Map of life expectancy at birth from Global Education Project.

Thursday, August 25, 2005

All JAMAd up

It is a continuing annoyance that the important medical and public health journals are available by subscription only, and subscriptions cost hundreds of dollars a year. A lot of what is in there really matters to you, but the public has to depend on the corporate media to tell them about it. The criteria for what stories make it into your newspaper or your local TV "Healthcast" or whatever they call it are not closely related to how much it actually matters for the public to know about the subject. What's worse, the reporters usually don't understand the studies or their context and they get the information wrong, or they miss the real point.

Here are some highlights from the new JAMA (which used to stand for Journal of the American Medical Association but now apparently doesn't stand for anything).

  1. A bit of a theme on opioid dependence and treatment. Bridget Kuehn reviews the 40th anniversary of methadone maintenance, Collins and colleagues report on a study comparing detoxification under anaesthesia with standard methods (not safe, not effective), and Patrick O'Connor discusses what he calls detoxification vs. methadone maintenance as treatment. (It's actually a false dichotomy -- people who go onto methadone maintenance commonly go through detoxification first. What he really means is abstinent recovery vs. maintenance.) The bottom line is clear: only a small percentage of opioid addicts succeed without methadone or a newer alternative, buprenorphine. Unfortunately, like all questions concerning addiction, this undeniable reality runs up against ideology. Maintenance therapy is just morally offensive to some people. Sure, you don't get high, you function perfectly well, you can work, take care of your kids, go to school -- but you're on drugs, and that's bad! Access to these therapies is therefore restricted in many ways. Result? People relapse.
  2. William Maisel reviews regulation of medical devices in the context of the recent flap about malfunctioning defibrillators. Implantable defibrillators do work, and do save lives. Like any machine, they aren't perfect and sometimes they don't work. Amazingly, it took decades for Congress to give the FDA authority to regulate and approve medical devices prior to marketing. Today, manufacturers still don't have to publish useful data on the reliability of their devices; they have to report malfunctions to the FDA but not to physicians or patients; and physicians, as a result, do not know how reliable the devices are. As a matter of fact, physicians have false beliefs about this. Patients are not notified if the device in their chest has been recalled! A million people have been affected by advisories about implantable defibrillators and pacemakers in the past 15 years, but there are no standards for how to report on these advisories or how to inform the public.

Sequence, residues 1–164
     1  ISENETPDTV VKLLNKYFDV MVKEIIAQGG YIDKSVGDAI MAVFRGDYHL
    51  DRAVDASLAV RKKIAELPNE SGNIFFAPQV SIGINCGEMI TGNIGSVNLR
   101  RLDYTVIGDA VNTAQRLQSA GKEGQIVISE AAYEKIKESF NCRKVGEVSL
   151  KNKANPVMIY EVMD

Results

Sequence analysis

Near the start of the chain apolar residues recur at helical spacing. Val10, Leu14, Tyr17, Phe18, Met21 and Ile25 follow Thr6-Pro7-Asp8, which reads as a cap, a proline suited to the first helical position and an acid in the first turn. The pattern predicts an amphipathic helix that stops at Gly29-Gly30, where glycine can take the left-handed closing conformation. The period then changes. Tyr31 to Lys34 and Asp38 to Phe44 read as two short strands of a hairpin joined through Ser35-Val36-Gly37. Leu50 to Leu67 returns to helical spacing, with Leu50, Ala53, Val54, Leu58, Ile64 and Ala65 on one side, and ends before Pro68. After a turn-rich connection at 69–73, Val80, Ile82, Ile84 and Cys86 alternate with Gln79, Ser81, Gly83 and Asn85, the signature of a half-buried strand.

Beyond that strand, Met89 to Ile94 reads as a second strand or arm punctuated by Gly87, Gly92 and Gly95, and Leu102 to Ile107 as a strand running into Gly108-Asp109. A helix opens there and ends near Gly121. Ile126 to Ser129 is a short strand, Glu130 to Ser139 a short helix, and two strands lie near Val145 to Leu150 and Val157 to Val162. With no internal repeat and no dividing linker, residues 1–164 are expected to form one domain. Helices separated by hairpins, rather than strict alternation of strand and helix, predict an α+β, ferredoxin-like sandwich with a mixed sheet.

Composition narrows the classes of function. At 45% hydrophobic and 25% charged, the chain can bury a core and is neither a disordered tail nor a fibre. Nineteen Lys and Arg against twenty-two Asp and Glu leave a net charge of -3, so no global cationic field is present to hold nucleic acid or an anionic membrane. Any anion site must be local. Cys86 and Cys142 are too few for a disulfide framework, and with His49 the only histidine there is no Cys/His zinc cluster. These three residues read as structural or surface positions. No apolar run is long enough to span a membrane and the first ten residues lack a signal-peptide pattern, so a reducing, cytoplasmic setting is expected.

3. Ah yes, those good old nosocomial infections. Hospitals are full of the nastiest bugs anywhere. With a lot of debilitated people who have holes in them and tubes going into the holes, the bugs get around. In the antibiotic saturated environment, they get drug resistant. In the U.S. each year, there are 2 million nosocomial infections, that kill 88,000 people and cost $4.5 billion. Youch. Now there are recommendations for public reporting of nocosocomial infections, with process and outcome measures, endorsed by the leading relevant associations. Now let's do it!
  4. Mike Bamshad discusses race, actual geographic ancestry (somewhat correlated but not the same thing since race is a social construction) and how much this actually has to do with frequencies of specific genetic characterstics that have something to do with health and drug efficacy. Complicated. Bottom line: "Race" is pretty vaguely associated with what's actually in your genes. Better to find out what your individual characterstics are, and proceed accordingly.
  5. At last, the one you may already have heard about. Susan Lee and colleagues, with senior author Mark Rosen, figure out when human fetuses may be able to feel pain, based on when the necessary brain structures develop. Their bottom line? 29-30 weeks gestation. This conclusion is uncongenial to opponents of abortion, who are trying to pass laws requiring that fetuses be anesthetized prior to abortion (which is dangerous to the mother, the real agenda being to discourage her from the decision), so we have yet another public argument over scientific conclusions in which the desired outcome (whether it be the literal truth of the Bible or the contribution of burning fossil fuels to global warming) trumps the truth for one camp.

Funny how it's always the conservative position that is in opposition to scientific conclusions. Reality has a liberal bias. We have to balance all those liberals in the universities, who believe in reality, with conservatives, who can provide students with the alternative viewpoint to reality.

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